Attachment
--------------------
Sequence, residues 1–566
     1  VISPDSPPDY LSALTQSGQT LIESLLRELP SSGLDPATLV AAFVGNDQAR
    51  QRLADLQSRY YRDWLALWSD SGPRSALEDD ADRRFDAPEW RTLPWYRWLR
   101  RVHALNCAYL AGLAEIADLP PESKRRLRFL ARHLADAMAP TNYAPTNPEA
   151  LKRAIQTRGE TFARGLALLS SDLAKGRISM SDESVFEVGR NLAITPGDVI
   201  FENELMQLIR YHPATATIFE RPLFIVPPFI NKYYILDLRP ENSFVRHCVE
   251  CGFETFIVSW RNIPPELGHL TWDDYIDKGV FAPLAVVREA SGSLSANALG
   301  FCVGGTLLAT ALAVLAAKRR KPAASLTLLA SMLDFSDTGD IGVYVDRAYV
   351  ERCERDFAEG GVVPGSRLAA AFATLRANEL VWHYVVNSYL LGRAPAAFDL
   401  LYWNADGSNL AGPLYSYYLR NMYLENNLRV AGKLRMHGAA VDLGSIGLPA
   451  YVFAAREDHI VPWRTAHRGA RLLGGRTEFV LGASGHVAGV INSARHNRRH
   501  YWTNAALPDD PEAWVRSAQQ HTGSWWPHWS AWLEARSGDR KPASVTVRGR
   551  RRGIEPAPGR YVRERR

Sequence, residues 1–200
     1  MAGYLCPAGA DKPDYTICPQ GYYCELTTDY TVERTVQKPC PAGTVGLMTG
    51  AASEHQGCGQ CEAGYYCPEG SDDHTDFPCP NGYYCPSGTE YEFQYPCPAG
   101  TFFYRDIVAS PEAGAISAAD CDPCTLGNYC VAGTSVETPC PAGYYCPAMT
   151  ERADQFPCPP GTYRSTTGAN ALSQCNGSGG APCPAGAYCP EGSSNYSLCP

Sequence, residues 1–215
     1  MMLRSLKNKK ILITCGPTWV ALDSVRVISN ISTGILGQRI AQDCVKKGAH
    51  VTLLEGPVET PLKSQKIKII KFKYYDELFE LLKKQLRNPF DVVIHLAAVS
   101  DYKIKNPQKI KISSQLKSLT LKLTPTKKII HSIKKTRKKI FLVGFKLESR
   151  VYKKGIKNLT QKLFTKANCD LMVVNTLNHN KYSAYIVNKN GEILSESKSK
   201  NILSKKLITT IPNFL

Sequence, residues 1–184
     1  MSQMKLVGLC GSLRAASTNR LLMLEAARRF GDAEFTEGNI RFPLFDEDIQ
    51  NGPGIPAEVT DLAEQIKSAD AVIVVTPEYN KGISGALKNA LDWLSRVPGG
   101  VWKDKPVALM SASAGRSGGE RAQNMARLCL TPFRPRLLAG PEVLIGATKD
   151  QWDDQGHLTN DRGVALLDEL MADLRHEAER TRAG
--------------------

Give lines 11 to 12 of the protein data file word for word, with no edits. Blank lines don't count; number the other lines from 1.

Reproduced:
   451  YVFAAREDHI VPWRTAHRGA RLLGGRTEFV LGASGHVAGV INSARHNRRH
   501  YWTNAALPDD PEAWVRSAQQ HTGSWWPHWS AWLEARSGDR KPASVTVRGR